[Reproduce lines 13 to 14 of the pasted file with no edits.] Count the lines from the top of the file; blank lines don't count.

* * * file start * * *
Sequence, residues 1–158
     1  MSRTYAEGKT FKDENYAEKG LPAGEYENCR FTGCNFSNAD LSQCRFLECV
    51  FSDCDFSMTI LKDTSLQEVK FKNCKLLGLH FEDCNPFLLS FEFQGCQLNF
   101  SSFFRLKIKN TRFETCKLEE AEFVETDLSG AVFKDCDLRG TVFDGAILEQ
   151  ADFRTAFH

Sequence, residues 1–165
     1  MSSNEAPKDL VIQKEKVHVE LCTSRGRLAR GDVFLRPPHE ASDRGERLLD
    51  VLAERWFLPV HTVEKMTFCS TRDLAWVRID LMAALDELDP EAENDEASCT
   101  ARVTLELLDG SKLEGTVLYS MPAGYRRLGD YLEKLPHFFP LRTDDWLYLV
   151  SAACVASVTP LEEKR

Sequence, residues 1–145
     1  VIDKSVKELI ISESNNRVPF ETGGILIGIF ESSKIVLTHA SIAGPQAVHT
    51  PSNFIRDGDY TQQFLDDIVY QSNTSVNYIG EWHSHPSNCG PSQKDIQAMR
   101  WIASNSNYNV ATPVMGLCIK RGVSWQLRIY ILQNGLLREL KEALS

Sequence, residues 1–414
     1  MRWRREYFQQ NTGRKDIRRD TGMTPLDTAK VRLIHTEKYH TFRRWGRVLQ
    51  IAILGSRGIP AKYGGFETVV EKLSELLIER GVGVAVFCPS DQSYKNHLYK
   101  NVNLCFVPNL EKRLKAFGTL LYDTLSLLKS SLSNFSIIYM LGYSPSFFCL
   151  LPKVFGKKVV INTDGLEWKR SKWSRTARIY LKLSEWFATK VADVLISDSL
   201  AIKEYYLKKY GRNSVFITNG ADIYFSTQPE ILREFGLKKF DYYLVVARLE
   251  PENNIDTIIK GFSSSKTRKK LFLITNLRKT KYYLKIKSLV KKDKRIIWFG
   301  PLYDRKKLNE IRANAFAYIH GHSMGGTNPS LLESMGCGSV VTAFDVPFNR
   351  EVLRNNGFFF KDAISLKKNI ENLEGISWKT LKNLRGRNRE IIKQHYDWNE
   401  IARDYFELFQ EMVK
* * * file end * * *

    51  PSNFIRDGDY TQQFLDDIVY QSNTSVNYIG EWHSHPSNCG PSQKDIQAMR
   101  WIASNSNYNV ATPVMGLCIK RGVSWQLRIY ILQNGLLREL KEALS